AP in the News


Pulitzer Prizes in journalism awarded to The New York Times, The Washington Post, AP and others

Migrants reach through a border wall for clothing handed out by volunteers as they wait between two border walls to apply for asylum Friday, May 12, 2023, in San Diego. Hundreds of migrants remain waiting between the two walls, many for days. (AP Photo/Gregory Bull)

A Migration to the United States

By DAVID BAUDER, The Associated Press

NEW YORK (AP) — The New York Times and The Washington Post were awarded three Pulitzer Prizes apiece on Monday for work in 2023 that dealt with everything from the war in Gaza to gun violence, and The Associated Press won in the feature photography category for coverage of global migration to the U.S.

The Times and Reuters news service each won prizes for their coverage of the Oct. 7 Hamas attack on Israel and its aftermath, the Pulitzer board issued a special citation to journalists and writers covering the war in Gaza.

The Pulitzers’ prestigious award in public service went to ProPublica for reporting that “pierced the thick wall of secrecy” around the U.S. Supreme Court to show how billionaires gave gifts and travel to justices.

The Pulitzers honored the best in journalism from 2023 in 15 categories, as well as eight arts categories focused on books, music and theater. The public service winner receives a gold medal. All other winners receive $15,000.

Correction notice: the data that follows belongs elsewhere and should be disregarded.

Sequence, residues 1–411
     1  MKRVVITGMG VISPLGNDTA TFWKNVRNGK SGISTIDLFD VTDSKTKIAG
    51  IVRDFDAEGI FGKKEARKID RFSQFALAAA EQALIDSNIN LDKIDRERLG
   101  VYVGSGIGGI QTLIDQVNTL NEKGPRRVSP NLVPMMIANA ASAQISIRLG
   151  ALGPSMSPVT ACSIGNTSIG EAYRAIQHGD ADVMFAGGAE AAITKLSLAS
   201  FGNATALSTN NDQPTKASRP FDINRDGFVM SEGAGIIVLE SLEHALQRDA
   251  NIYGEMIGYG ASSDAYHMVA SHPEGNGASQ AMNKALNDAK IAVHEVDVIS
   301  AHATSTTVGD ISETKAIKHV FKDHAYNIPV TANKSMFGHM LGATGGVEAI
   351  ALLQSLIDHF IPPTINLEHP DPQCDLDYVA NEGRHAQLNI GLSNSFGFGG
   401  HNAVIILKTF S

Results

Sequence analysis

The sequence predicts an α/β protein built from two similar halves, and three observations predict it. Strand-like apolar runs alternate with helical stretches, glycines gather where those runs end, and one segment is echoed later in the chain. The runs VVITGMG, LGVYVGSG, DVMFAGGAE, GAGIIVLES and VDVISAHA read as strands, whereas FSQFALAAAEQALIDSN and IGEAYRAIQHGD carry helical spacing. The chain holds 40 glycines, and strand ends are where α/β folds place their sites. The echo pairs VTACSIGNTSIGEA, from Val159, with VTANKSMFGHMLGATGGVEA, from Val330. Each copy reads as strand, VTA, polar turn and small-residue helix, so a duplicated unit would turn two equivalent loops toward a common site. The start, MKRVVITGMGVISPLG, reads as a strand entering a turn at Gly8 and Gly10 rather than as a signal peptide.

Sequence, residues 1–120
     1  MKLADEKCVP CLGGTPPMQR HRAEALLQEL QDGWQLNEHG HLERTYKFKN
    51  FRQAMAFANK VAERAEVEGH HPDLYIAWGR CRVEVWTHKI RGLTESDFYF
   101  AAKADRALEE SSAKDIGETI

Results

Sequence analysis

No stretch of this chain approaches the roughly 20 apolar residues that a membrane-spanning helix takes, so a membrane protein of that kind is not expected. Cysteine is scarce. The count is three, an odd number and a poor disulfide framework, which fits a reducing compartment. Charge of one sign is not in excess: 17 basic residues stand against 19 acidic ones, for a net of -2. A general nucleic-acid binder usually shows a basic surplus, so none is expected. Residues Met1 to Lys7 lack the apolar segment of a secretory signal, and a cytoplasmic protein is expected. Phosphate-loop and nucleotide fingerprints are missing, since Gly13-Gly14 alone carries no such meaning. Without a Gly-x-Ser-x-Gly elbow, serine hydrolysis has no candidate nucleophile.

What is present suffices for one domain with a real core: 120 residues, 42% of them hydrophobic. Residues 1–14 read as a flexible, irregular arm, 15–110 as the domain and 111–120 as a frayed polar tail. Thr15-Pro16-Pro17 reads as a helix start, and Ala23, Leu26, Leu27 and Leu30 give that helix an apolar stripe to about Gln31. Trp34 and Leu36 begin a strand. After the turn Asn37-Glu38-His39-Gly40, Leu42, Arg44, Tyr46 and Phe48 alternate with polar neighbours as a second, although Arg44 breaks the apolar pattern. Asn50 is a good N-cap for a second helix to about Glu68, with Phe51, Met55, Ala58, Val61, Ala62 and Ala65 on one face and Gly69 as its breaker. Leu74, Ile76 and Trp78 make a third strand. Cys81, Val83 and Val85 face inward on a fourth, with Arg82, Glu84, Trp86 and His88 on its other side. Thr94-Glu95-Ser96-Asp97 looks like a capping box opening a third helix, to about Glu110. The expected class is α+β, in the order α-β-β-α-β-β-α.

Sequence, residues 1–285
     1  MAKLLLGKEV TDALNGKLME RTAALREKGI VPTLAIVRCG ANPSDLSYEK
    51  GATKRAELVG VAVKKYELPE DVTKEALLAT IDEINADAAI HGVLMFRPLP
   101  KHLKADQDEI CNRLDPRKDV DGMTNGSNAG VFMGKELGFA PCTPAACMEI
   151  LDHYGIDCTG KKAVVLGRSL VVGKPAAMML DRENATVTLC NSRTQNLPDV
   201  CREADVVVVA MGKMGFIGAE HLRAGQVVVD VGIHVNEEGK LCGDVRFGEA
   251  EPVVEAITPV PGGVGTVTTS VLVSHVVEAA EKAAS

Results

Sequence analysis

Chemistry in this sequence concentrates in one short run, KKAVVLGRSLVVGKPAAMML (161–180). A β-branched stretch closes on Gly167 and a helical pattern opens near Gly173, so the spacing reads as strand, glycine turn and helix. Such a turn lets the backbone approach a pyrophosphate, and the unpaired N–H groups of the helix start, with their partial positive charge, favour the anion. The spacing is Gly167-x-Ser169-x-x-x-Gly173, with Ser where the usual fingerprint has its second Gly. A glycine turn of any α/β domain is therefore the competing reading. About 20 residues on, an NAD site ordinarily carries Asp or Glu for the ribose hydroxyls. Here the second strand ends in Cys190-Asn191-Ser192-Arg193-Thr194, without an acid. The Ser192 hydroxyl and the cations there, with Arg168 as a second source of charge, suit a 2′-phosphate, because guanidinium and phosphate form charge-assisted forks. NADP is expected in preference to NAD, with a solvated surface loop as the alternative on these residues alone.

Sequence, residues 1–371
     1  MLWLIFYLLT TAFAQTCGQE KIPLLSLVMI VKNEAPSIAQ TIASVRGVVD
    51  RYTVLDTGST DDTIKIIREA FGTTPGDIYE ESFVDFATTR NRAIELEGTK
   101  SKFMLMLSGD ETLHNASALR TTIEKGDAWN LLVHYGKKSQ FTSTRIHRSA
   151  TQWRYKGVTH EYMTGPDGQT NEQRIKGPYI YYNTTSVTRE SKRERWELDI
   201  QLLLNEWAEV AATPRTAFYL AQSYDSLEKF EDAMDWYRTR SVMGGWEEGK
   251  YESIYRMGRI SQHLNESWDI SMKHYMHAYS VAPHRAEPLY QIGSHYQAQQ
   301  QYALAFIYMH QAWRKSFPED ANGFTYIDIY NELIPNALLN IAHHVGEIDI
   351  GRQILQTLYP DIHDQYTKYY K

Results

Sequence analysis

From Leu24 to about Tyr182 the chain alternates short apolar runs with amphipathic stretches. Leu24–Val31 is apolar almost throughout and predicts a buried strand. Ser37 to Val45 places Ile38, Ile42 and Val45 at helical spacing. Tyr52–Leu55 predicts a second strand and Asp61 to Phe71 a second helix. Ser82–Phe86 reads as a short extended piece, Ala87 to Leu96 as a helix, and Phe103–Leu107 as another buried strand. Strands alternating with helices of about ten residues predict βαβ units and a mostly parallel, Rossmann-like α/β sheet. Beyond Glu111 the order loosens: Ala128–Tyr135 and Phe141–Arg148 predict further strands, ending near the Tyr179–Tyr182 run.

Migrants reach through a border wall for clothing handed out by volunteers as they wait between two border walls to apply for asylum, May 12, 2023, in San Diego. Hundreds of migrants remain waiting between the two walls, many for days. (AP Photo/Gregory Bull)

The 15 photos in AP’s winning entry were taken across Latin America and along the U.S.-Mexico border in Texas and California in a year when immigration was one of the world’s biggest stories. They were shot by AP staffers Greg Bull, Eric Gay, Fernando Llano, Marco Ugarte and Eduardo Verdugo, and longtime AP freelancers Christian Chavez, Felix Marquez and Ivan Valencia.

“These raw and emotional images came about through day-to-day coverage of a historic moment in multiple countries documenting migrants at every step of their treacherous journeys,” said Julie Pace, the AP’s senior vice president and executive editor.